Evaluating the impacts of partnership: an electronic panel study of partnering and the potential for adaptive management
Waschak, Michael R.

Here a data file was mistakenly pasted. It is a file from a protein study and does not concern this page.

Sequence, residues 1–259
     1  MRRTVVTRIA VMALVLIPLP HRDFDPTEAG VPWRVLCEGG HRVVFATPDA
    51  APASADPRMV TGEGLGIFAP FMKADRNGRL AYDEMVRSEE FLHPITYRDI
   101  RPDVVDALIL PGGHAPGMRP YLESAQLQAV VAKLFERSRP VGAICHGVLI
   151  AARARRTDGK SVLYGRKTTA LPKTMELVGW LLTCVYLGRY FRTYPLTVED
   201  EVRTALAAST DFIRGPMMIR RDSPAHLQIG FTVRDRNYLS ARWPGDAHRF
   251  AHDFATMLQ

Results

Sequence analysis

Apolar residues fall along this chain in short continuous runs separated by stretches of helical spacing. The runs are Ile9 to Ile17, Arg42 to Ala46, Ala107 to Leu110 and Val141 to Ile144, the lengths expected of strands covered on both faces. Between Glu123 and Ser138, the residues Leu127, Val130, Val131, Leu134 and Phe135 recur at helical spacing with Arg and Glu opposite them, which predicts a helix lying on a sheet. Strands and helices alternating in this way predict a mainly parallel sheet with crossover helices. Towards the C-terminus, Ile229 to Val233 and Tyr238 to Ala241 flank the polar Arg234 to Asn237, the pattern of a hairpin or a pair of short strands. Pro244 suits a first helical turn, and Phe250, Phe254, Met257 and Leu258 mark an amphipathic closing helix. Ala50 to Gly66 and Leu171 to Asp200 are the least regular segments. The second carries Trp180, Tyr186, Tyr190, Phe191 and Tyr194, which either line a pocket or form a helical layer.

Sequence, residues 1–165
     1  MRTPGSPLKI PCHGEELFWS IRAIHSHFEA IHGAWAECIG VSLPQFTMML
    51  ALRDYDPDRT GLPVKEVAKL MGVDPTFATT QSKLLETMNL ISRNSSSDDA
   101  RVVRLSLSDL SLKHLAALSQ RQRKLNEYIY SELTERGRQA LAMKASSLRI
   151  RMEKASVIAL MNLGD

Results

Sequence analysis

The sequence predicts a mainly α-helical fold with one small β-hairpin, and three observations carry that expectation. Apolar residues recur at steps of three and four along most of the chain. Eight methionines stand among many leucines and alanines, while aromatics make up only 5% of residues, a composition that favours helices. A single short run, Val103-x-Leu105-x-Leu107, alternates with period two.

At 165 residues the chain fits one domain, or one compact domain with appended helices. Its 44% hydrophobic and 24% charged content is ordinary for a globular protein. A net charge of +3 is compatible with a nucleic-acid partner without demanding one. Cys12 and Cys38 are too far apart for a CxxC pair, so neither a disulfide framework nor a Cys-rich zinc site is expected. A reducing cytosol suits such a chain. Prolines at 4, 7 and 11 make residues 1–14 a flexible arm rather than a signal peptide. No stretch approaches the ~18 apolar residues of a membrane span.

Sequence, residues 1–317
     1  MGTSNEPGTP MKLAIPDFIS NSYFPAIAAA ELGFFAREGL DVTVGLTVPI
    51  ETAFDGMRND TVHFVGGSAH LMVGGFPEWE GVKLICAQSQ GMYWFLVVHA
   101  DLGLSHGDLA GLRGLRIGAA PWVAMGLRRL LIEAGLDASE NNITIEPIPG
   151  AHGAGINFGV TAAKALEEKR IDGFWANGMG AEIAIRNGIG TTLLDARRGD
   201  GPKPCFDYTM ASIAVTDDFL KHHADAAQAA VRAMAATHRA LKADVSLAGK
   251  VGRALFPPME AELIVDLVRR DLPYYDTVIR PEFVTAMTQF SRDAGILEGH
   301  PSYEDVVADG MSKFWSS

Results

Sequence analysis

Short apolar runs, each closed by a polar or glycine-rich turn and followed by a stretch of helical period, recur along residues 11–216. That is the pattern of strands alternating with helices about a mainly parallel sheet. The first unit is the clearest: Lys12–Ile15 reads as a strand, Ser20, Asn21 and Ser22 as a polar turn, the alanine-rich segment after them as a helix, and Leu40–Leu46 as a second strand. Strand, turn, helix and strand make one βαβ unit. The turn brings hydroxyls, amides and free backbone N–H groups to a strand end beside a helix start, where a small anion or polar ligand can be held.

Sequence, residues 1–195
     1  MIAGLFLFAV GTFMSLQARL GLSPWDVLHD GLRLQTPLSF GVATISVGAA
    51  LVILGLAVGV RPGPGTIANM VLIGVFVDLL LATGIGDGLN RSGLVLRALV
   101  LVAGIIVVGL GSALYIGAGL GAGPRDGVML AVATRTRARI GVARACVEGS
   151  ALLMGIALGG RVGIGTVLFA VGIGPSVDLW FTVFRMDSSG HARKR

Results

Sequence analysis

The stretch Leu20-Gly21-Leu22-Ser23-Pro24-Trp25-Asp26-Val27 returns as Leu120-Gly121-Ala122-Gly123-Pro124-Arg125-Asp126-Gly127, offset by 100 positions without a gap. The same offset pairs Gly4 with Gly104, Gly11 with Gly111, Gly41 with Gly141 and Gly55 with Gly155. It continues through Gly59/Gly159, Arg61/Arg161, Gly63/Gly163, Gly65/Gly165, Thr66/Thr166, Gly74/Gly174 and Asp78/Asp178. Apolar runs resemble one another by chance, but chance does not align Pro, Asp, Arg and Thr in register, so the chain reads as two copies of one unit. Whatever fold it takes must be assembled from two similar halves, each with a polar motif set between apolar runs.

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There has been an increase in the use of partnerships as a policy prescription for improving education since the mid 1980's. This trend builds on nearly a century of reform movements in education. In order to improve education policy, this study focuses on the question of whether math and science education partnerships as typically constituted provide the necessary conditions for the adaptive management (sustainable and adaptable action) of local education problems by the participants. This qualitative study uses data derived from the views of 32 experts on math and science partnerships collected during an internet-based application of the Delphi methodology designed to develop testable elements of a logic model of partnerships in math and science education. The results of this study suggest that the implementation and content requirements built into grant programs that include partners as a condition in aid most often result in a narrow programmatic focus among the participants. Organizations choose to participate in disjointed serial interventions that support organizational needs or goals based on the availability of funding and partners for particular programmatic activities. They choose partners from among those who are interested in similar or complementary activities. The primary focus of STEM education partnerships is therefore on implementing and sometimes evaluating the funded programmatic activities and not on building a broader learning community. Activities or education problems that are not funded tend to be excluded from the activities and dialog of the policy-induced partnership. By limiting the scope of the collaboration we are limiting the potential for adaptive management and the value of these partnerships.